Doc Savage 004 - The Polar Treasure

Doc Savage 004
June 1933
The Polar Treasure
by Lester Dent as Kenneth Robeson




Doc and the gang save the life of a blind musician who's the key to finding a treasure sunken in the polar icecap.  I managed to get this far in the Doc Savage series before running into any particularly nasty racism.  Dent must have been saving it up, because he does not like him some Eskimos.  In addition to being savage and ignorant, a sentence doesn't go by without calling them greasy or smelly.

Things that Doc Savage is the best in the world of in this episode include world's best composer and world's best singing voice.  Also, he can cure blindness and his skin repels water like a duck.

Friday, October 11, 2013

Satan's Snowdrop

Satan's Snowdrop
Guy N. Smith
1983 Pocket Books




An old stilted house belonging to the Reichenbach family, overlooking the cliffs where Sherlock Holmes met/faked his death, haunts the families of two different men that move the house, first to New York, then England.

There's quite a bit of nastiness in the visions of the tortures that haunt the house's past: piles of limbs, crotches lashed off with whips, etc.  In the "real" world, victims die of accidents or heart failure, including an exorcist and a boy killed by a possessed spacehopper.

As with too much supernatural horror, there is more page length dedicated to figuring out the rules than actual scary stuff.  Does transferring ownership of the house end the curse?  How about the mysterious snowdrop flower, will replanting it put the souls of the dead to rest?  How exactly should it be planted?  This kind of tedium bogs the whole business down.

Pluto Pact

Pluto Pact
Guy N Smith
Littlehampton Book Services 1982



I'd say this was in the small occult nuclear accident genre, but the only other example I can think of off-hand is Holocaust 2000.

A plutonium processing plant in Scotland is in crisis after accepting too many deposits, and it threatens to blow up England and maybe the world - I'm not sure about the science here.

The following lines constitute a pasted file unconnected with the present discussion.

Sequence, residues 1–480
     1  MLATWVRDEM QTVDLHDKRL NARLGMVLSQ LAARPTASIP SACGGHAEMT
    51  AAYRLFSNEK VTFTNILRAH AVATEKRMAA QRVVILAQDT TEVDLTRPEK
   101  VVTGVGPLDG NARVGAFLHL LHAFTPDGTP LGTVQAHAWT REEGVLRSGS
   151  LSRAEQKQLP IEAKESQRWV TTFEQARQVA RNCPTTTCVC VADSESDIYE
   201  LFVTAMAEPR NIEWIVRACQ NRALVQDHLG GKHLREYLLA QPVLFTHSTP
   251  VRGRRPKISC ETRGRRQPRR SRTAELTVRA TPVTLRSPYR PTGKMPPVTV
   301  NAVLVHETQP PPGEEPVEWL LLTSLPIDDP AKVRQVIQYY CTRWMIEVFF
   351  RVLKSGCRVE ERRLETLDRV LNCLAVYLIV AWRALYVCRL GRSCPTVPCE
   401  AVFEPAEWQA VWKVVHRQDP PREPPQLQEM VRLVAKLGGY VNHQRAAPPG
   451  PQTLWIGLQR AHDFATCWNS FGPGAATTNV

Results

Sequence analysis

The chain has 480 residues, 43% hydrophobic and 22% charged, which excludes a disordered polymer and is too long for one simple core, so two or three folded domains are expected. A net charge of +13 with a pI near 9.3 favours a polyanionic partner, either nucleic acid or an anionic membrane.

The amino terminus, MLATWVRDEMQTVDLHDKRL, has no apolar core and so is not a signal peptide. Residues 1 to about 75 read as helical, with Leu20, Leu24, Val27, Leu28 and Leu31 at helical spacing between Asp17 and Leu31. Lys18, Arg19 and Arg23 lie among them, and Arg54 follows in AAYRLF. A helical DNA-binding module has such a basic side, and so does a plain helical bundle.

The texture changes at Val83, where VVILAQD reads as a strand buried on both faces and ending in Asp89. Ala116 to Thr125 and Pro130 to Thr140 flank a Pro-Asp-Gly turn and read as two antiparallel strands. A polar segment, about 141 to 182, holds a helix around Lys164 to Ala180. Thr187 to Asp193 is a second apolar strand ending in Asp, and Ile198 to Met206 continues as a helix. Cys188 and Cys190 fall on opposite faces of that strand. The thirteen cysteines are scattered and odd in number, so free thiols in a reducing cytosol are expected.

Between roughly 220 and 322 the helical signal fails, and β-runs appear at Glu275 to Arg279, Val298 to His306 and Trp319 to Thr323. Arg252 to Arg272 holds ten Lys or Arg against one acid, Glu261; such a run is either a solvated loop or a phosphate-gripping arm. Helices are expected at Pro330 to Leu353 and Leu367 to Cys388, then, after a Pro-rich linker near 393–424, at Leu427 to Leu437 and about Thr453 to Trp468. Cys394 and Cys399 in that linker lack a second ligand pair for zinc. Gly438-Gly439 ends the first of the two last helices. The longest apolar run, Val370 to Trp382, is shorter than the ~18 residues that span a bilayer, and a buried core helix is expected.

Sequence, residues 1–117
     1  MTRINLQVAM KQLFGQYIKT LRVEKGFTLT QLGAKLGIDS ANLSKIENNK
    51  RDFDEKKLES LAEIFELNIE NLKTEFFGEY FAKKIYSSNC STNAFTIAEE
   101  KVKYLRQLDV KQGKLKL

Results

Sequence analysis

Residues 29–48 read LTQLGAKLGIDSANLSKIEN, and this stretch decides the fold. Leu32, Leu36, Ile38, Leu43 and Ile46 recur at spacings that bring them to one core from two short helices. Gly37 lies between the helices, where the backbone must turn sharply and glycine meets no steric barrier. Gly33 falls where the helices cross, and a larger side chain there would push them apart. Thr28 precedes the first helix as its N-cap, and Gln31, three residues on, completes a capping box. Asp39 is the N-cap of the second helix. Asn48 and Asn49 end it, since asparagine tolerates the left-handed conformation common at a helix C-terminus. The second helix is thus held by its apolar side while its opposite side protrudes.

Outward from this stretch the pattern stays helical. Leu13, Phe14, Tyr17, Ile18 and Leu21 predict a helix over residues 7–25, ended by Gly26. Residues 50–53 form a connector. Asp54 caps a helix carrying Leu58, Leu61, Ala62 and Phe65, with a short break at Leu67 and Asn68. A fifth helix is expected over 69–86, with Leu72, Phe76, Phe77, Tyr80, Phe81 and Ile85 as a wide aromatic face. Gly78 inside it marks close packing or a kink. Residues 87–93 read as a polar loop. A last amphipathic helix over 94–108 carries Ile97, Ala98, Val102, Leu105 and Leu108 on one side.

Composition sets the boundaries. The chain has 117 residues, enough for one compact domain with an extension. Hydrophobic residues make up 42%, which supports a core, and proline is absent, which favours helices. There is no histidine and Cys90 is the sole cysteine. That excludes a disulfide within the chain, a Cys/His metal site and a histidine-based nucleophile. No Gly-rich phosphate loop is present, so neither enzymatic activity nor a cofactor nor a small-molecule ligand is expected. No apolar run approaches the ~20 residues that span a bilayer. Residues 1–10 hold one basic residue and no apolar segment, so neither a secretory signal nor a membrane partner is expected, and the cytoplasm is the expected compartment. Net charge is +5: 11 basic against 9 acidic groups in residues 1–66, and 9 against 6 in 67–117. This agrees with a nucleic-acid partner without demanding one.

The plant is opposed by a small town newspaper publisher, and most of the page count is taken up by him cheating on his wife and being a general SOB.

For some reason the leak of nuclear materials causes a couple of men to kill prostitutes (casually referred to as whores by the narrator).  The area is quarantined, and the book's mild horrors come from the resulting rioting and suicides.

Did I mention the warlock's curse?  Well, neither did Smith, hardly, but the area is cursed by a warlock, which aside from a couple of dreams only manifests in the conclusion.

Tuesday, October 1, 2013

Executioner 362: Patriot Acts

Executioner 362
Patriot Acts
by Douglas P. Wojtowicz
2009 Gold Eagle



Brainwashed assassins of a deep cover pseudo government agency The Rose Initiative slip their programming and team up with militia groups to capture the Initiative's stash of weapons of mass destruction in an effort to start a civil war.

Pretty by-the-numbers.  Mack Bolan beats up people to find a place to shoot people.  The action scenes are decently handled, with just enough gun porn to keep things from becoming too monotonous.  Patriot Acts does suffer from a lack of sense of place.  Too many times characters are just there doing things, with no idea of where they are or how they got there.